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New Distribution Capability (NDC) from the International Air Transport Association (IATA) sets new standards for how data is transmitted between various airline systems. Though NDC is still in its early stages of adoption, it has disrupted the industry significantly with the promise of new and improved sale capabilities. NDC will allow airlines to have more control over offers and will help travel agencies provide more value to their customers. As a result, all stakeholders are developing or procuring new technologies for faster and easier access to NDC content.
“Today, global distribution systems (GDSs) compile offers by pulling together schedules, inventory, and fares from different sources such as Airline Tariff Publishing Company (ATPCO) and low cost carriers” said Will Owen Hughes, head of agency and airline transition at Travelport. “The current limitation posed by distributing fares through ATPCO — which most airlines use — is that it supports a maximum of 26 fare classes. However, with NDC, there are no limitations on fare classes, and an airline can compile and push through any number of branded offers.”
How will NDC benefit travel agencies?
This new way of creating, distributing, and selling airline inventory will change how agencies, GDSs, and airlines interact and conduct business. With the successful implementation of NDC standards, all airline distribution stakeholders can benefit substantially.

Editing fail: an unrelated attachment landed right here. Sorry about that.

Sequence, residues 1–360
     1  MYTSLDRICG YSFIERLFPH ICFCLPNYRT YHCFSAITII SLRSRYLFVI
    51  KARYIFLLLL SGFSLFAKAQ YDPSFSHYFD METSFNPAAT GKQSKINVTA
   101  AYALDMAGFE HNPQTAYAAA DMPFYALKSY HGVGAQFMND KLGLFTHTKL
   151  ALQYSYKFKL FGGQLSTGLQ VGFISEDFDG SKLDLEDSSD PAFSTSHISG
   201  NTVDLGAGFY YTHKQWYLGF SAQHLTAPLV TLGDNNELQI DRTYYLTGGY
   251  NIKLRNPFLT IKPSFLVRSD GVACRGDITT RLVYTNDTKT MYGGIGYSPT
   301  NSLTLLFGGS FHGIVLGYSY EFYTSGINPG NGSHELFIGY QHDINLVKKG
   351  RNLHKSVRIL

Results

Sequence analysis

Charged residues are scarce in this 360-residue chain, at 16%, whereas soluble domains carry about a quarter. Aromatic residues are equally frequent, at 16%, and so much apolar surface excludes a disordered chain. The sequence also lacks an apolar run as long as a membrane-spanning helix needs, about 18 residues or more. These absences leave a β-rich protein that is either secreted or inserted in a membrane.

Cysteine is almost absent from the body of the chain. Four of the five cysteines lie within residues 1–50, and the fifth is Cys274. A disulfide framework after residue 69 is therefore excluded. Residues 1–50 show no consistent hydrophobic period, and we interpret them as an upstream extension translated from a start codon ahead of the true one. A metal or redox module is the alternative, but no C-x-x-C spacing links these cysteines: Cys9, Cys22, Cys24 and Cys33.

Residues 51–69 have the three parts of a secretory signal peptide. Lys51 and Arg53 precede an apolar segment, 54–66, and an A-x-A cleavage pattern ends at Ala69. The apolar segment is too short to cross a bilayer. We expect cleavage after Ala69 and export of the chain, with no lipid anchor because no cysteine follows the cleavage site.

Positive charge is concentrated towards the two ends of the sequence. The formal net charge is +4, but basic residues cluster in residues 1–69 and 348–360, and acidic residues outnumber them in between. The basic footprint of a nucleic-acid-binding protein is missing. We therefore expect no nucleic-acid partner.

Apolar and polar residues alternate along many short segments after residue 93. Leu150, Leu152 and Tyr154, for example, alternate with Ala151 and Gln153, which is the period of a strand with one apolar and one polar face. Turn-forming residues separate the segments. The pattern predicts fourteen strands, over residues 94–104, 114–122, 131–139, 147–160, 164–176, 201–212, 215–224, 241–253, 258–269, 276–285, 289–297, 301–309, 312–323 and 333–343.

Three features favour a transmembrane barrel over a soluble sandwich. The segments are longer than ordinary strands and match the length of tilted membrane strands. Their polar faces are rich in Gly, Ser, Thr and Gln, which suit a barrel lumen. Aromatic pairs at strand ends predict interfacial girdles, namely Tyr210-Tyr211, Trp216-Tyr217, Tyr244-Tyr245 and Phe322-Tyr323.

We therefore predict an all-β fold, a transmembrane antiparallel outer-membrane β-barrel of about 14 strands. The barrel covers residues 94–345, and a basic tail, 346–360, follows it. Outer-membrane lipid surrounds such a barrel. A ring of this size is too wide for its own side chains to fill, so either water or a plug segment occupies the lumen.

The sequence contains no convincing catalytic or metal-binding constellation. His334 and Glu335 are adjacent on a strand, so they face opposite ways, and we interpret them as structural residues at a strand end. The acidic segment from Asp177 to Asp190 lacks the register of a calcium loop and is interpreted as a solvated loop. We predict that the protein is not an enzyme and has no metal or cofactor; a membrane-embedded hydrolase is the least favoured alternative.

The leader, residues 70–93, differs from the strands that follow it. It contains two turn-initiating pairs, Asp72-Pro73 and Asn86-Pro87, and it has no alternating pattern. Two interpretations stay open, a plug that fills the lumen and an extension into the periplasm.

With NDC content, agencies and airlines can personalize offers in real time. NDC connections enable airlines to recognize an individual or a corporation at the time of search, even if the search request is coming through an intermediary. As a result, an airline can take the traveler’s preferences into account when showcasing rates and bundles to the booker. “For example, if a particular company offers their director-level employees additional lounge access for long-haul flights, relevant bundles that include that can be pushed to the agency during the search phase,” said Owen Hughes. “As airlines continue to invest in NDC and improve their backend technologies to better identify traveler personas and individuals throughout the booking process, all travel agencies can take advantage of this flexibility to understand their customers’ needs and offer relevant content to them.”
This flexibility also leads to airlines being able to offer dynamic pricing that responds to market demands. “Travel management companies, for example, will no longer be stuck with pre-negotiated, rigid deals with airlines. Should an agency deliver more bookings than promised, airlines can respond in real time with additional benefits for customers and agencies,” noted Owen Hughes.
Lastly, with NDC, airlines can also provide a wider variety of approved offers through GDSs. In turn, GDSs will no longer need to compile offers in their own systems for agencies. By selling airline approved rates, agencies can expect to see a reduction in debit memos (notice sent by airlines for additional compensation and disputing a fare compiled in the GDS system).
What capabilities should travel agencies be developing to take advantage of NDC?